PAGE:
\      *      /   / +-------------+<=+   +-----------+  ***
      \     *     /    | | ALTO Server |<=+   +-----------+  ***
       `-.  *  ,-'     \ +-------------+ /=   |   Peer 4  |*****
          `-*-'         \               / +==>|ALTO Client| ****
            *            `-.         ,-'      +-----------+ ****
            *               `-------'                       ****
            *                                               ****
            ***********************************************<****
       Legend:
       === ALTO client protocol
       *** Application protocol



              Figure 12: Global Tracker - Local ALTO Servers

   The scenario in Figure 12 lets the peers directly communicate with
   their ISP's ALTO server (i.e., ALTO client embedded in the peers),
   giving thus the peers the most control on which information they
   query for, as they can integrate information received from trackers
   and through direct peer-to-peer knowledge exchange.

                            ,-------.         +-----------+
          ,---.          ,-'  ISP 1  `-.  ***>|   Peer 1  |
       ,-'     `-.      /+-------------+\ *   |           |
      /           \    / +   Tracker   |<**   +-----------+
     /    ISP X    \   | +-----===-----+<**   +-----------+
    /               \  \ +-----===-----+ /*   |   Peer 2  |
   ;   +---------+   :  \+ ALTO Server |/ ***>|           |
   |   | Global  |   |   +-------------+      +-----------+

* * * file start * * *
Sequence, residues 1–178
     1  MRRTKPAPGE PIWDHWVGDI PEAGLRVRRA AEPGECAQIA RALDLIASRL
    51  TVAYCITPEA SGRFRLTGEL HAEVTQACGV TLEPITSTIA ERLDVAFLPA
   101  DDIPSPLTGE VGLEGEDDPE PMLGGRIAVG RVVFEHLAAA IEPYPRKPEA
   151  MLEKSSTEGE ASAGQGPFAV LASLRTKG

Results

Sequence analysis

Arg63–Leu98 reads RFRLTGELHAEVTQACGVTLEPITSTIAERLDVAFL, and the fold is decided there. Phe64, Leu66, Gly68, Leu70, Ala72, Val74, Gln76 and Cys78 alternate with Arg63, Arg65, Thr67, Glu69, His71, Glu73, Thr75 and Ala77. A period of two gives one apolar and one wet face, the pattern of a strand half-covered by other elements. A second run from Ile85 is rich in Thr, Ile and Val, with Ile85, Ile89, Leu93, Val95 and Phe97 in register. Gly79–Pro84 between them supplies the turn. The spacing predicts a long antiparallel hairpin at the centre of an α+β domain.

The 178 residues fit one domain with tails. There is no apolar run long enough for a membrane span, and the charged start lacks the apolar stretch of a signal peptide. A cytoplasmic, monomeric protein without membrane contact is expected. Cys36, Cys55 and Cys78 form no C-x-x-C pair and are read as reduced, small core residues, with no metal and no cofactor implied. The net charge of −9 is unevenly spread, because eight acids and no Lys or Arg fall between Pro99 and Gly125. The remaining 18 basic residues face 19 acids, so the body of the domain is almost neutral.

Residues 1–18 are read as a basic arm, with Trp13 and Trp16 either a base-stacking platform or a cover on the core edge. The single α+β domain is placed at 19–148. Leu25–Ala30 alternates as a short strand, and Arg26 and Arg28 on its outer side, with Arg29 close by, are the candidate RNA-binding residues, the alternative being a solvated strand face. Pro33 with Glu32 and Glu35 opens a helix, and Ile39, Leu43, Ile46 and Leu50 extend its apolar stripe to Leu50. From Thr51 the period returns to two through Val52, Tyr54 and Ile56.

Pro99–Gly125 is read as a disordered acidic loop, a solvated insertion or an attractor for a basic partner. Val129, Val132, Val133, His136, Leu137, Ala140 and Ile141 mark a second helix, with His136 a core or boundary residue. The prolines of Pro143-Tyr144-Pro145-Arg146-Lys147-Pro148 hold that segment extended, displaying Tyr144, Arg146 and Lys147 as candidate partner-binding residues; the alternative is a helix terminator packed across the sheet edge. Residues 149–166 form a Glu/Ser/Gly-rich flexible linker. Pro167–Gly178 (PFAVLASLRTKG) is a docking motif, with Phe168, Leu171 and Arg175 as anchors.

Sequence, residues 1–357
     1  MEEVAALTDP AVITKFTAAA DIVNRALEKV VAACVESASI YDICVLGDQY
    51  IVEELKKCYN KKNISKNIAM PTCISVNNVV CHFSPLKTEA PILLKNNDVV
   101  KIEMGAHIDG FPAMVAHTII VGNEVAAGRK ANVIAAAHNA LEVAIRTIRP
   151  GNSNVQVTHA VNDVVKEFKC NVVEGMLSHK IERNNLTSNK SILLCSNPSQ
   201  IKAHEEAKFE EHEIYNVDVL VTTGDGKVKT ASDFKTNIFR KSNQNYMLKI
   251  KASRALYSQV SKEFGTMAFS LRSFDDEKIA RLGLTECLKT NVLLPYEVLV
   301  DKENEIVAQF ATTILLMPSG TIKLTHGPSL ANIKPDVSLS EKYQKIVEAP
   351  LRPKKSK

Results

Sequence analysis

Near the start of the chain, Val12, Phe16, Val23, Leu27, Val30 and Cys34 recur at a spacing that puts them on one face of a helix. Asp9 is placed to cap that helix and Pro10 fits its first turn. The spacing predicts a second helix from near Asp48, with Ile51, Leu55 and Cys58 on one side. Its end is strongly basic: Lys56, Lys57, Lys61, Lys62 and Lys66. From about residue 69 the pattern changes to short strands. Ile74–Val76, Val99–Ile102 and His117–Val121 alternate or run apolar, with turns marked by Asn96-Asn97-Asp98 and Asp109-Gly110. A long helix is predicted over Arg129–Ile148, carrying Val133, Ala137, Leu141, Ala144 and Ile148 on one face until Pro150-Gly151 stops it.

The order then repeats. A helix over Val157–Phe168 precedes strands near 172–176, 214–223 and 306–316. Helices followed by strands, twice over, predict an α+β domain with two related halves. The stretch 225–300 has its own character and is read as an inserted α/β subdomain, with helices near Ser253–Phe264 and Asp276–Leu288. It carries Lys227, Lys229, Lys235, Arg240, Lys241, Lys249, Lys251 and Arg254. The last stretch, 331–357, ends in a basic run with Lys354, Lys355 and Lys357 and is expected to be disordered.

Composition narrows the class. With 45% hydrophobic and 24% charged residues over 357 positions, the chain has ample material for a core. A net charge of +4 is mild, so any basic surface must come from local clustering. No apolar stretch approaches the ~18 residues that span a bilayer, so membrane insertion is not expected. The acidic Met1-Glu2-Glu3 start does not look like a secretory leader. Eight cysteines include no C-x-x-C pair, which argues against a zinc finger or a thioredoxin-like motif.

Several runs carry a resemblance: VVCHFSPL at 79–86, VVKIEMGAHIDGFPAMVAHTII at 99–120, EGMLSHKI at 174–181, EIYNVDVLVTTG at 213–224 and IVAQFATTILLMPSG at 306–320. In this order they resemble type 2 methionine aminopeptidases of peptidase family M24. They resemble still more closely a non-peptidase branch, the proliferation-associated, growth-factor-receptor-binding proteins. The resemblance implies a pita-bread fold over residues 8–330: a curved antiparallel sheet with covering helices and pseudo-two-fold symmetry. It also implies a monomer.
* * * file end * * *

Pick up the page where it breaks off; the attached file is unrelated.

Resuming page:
|   | Tracker |   |      `-------'
   |   +---------+   |                        +-----------+
   :          ^      ;      ,-------.         |   Peer 3  |



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    \         *     /    ,-'  ISP 2  `-.  ***>|           |
     \        *    /    /+-------------+\ *   +-----------+
      \       *   /    / +   Tracker   |<**   +-----------+
       `-.    *,-'     | +-----===-----+ |    |   Peer 4  |<*
          `---*        \ +-----===-----+ /    |           | *
              *         \+ ALTO Server |/     +-----------+ *
              *          +-------------+                    *
              *             `-------'                       *
              ***********************************************
       Legend:
       === ALTO client protocol
       *** Application protocol

     Figure 13: P4P approach with local tracker and local ALTO server

   There are some attempts to let ISP's to deploy their own trackers, as
   shown in Figure 13.  In this case, the client has no chance to get
   guidance from the ALTO server, other than talking to the ISP's
   tracker.  However, the peers would have still chance the contact
   other trackers, deployed by entities other than the peer's ISP.

   Figure 13 and Figure 11 ostensibly take peers the possibility to
   directly query the ALTO server, if the communication with the ALTO
   server is not permitted for any reason.  However, considering the
   plethora of different applications of ALTO, e.g., multiple tracker
   and non-tracker based P2P systems and or applications searching for
   relays, it seems to be beneficial for all participants to let the
   peers directly query the ALTO server.  The peers are also the single